“We’re just collecting money in Hong Kong,” he said. “We don’t deal with the maid directly and have no connection with the agency. If the training center pays the agent, this transaction is not our deal.”
Still, Lie said Hong Kong’s law limiting employment fees to 10 percent of a month’s salary is “unrealistic” because it doesn’t take into account the expense of training workers.
“From the finance companies’ point of view, we’ve helped the Indonesians to find jobs here and made the system work,” Lie said. “Nothing is free. It’s hard work for us, too.”
A six-inch-thick folder in the office of Helpers for Domestic Helpers is stuffed with complaints against Niaga. There are even fatter files for other moneylenders. The group sought to block Niaga’s license renewal this year saying the firm made loans in the Philippines in violation of that country’s law. Lie, who denied knowledge of the case, said he no longer makes loans in the Philippines. His license was renewed on Oct. 19.
Arida, the domestic worker who stopped paying her loan in July, said her employment agency, Hong Kong-based Wang Fullco Co., made her sign papers before leaving Indonesia that she wasn’t allowed to read and that pledged her house as collateral. She said she was told that some of the money she agreed to pay was for expenses incurred during six weeks at a boarding school learning Cantonese and how to use a washing machine.
A mother of three from the island of Java, Arida said she received a signing bonus of 2.5 million rupiah ($260), which she later was told was included in the amount she had to repay. She wasn’t given any receipts or allowed to keep copies of the papers she signed, she said.
After her first job in Hong Kong ended, Wang Fullco employees took Arida to Toyo Finance & Credit Ltd., a licensed moneylender, and made her borrow more money to give to the agency, she said. Loan payments were made at a 7-Eleven.
McLean Ng, a director at Wang Fullco, denied in an interview that his agency has taken any workers to moneylenders. He said his firm only handles debts incurred in Indonesia and the Philippines, and only accepts payments on behalf of workers to send money to finance companies abroad. His agency keeps 10 percent of one month’s salary as payment, as allowed by law, and charges the same amount if there’s a new contract, he said.
“What we do in Hong Kong is remind domestic workers to pay their installments” owed to firms in Indonesia, Ng said.
Gilbert Ng, a manager at Toyo Finance who isn’t related to McLean Ng, declined to comment, saying he doesn’t “accept or need media interviews.”
Paul O’Connor, a lecturer at Chinese University of Hong Kong and author of “Islam in Hong Kong: Muslims and Everyday Life in China’s World City,” published in September, said the Indonesians he studied considered their first months or year in Hong Kong to be like a “prison sentence” that they have to get through in order to get a greater payoff.
While the monthly minimum wage for domestic workers is set by the Hong Kong government at HK$3,920 for contracts signed as of Sept. 20, workers often are underpaid after their debt is discharged, according to Allan and Abdon-Tellez.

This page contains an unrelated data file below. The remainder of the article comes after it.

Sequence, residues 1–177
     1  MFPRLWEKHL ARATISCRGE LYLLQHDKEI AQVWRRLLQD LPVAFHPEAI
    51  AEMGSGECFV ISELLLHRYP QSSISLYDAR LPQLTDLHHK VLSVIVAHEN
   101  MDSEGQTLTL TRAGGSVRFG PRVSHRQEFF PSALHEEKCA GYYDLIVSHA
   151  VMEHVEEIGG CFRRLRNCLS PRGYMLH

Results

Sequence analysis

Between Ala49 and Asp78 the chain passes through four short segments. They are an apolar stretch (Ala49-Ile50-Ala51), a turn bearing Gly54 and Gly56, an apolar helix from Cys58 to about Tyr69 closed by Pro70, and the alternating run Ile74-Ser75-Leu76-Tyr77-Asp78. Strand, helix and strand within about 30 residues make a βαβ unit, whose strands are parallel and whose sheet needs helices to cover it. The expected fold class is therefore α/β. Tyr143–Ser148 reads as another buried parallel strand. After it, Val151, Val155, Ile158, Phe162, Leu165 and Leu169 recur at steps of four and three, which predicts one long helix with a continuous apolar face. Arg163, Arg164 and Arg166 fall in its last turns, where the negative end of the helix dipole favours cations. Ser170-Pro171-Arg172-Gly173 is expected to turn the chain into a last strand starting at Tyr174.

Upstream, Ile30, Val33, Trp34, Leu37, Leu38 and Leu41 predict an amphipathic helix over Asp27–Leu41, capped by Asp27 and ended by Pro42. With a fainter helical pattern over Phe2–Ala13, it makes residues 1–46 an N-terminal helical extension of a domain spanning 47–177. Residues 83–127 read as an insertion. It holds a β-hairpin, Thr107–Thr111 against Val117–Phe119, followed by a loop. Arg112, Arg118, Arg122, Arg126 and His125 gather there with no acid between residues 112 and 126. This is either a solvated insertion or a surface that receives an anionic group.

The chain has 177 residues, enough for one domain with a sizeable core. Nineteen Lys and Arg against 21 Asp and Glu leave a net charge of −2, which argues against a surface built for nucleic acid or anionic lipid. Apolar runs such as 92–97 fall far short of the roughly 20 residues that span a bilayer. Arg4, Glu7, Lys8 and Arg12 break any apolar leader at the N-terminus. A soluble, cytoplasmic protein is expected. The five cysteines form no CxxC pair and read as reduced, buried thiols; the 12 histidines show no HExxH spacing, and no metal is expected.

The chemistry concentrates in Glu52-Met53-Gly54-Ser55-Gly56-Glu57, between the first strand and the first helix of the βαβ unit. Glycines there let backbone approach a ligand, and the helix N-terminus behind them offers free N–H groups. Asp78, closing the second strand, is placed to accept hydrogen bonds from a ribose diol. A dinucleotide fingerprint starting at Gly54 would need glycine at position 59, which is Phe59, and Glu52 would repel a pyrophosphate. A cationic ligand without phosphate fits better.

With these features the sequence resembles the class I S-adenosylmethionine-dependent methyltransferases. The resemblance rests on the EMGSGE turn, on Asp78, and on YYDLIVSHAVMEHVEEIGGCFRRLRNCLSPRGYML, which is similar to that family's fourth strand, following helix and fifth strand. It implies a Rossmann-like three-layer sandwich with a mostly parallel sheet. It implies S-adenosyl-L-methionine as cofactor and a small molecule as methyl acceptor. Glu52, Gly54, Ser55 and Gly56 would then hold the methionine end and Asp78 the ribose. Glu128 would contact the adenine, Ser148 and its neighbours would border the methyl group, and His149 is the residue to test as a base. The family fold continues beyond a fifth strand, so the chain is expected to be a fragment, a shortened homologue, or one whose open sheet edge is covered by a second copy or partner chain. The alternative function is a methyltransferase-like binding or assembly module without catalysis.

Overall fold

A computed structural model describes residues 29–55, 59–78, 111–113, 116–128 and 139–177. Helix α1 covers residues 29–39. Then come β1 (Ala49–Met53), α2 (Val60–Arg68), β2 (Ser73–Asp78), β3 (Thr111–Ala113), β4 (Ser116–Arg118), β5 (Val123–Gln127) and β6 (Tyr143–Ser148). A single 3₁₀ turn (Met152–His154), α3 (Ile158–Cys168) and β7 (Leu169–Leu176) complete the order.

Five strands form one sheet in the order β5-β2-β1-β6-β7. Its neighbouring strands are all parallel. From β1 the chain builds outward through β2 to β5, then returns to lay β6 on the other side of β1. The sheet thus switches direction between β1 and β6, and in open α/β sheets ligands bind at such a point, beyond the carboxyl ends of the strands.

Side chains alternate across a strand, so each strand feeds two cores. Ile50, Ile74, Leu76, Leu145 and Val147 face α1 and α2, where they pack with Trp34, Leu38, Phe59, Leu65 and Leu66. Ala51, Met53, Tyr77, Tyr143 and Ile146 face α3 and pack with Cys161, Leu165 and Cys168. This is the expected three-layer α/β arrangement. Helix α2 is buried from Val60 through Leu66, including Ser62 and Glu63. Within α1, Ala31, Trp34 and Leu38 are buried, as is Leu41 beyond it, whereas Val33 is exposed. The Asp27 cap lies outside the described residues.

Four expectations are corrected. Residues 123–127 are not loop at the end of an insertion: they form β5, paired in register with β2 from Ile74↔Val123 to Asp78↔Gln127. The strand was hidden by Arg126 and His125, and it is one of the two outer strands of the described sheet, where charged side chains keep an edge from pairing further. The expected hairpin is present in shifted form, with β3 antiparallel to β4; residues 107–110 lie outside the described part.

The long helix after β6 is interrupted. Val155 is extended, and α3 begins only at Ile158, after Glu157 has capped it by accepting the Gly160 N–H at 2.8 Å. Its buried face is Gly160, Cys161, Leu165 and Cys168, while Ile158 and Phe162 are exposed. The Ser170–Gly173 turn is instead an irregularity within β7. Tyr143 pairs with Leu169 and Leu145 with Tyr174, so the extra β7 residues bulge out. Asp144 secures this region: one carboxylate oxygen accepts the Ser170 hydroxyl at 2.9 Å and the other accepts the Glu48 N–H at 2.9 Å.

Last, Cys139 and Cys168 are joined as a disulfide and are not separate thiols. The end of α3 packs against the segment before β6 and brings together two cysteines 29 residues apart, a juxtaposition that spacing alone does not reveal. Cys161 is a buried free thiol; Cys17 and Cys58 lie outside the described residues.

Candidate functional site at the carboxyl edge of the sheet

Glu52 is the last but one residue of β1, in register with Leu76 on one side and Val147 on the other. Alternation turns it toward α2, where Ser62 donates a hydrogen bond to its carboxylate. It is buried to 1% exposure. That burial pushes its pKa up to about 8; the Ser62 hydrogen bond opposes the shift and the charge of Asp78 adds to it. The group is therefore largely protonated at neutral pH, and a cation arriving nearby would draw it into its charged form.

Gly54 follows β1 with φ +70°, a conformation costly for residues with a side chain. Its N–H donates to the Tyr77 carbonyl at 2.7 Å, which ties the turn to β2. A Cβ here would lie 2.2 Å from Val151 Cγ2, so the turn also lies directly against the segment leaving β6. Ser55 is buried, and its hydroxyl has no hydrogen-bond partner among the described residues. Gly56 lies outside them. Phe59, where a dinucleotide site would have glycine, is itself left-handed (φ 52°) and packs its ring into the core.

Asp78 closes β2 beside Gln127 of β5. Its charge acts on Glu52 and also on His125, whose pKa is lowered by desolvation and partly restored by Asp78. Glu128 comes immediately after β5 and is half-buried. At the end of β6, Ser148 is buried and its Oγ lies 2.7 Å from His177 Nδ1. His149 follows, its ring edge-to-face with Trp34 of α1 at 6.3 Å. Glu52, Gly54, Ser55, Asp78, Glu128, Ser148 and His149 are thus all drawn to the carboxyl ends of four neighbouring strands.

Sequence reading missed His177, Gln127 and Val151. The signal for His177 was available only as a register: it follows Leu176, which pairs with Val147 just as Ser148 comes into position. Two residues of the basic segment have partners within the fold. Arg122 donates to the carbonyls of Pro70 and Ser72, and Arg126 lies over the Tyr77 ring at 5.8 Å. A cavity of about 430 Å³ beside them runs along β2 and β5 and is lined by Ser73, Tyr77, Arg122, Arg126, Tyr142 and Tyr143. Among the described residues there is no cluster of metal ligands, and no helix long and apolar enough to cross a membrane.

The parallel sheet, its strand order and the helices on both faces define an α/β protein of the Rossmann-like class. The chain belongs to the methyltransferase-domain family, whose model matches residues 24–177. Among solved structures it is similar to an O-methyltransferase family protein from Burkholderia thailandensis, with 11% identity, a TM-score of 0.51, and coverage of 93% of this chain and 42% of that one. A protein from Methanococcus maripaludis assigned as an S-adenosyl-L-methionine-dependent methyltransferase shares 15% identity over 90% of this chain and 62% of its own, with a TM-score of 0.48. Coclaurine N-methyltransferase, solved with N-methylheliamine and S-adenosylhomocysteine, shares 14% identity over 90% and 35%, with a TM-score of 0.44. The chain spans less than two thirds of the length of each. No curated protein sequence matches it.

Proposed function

Dwi, a 26-year-old Indonesian who declined to give her last name because her case is pending, said she received no pay for the first three months that she worked for a family in Hong Kong. For the next six months she got only HK$200 and, after that, HK$2,200, less than the minimum wage.
She had to stop working last year after asking Helpers for Domestic Helpers to lodge a complaint because the government requires those pursuing claims to halt employment -- “an appalling policy of treating victims as offenders,” Allan said.
After a wait of a year, a hearing was scheduled for October and then postponed until December, she said. All she wants is to be paid what she’s owed so she can go back to her husband and five-year-old child on the island of Java.
The Labor Department said it doesn’t comment on cases under investigation. In the meantime, the Immigration Department temporarily detained her for signing a contract for less than the minimum wage, which she wasn’t aware of at the time, she said. They took HK$20 as bail, leaving her only HK$30.
“I don’t accept this situation,” Dwi said by phone from a shelter where she’s living on donations while waiting for her case to be heard. “The government is just playing around. It makes me sad.”
Another worker, Widy, 27, also from central Java, said the women quickly realize they’re on their own and that governments don’t help. She spent nine months in training in Indonesia before arriving in October 2011 and paying off a debt of HK$21,000 over seven months to a Hong Kong-registered moneylender, she said. After sending HK$600 home to her family each month to keep her two brothers in school, she had only HK$140, the equivalent of $18, for living expenses.
“This system isn’t right,” Widy said in an interview in Victoria Park, tears streaming down her face. “No one helps us. I say to the government to wake up, not to be like this, feeding off our sweat from working here like slaves. We aren’t here having fun. We are here working hard, so how come the government and the rich people still dare to take our money?”
To contact the editor responsible for this story: Chitra Somayaji at firstname.lastname@example.org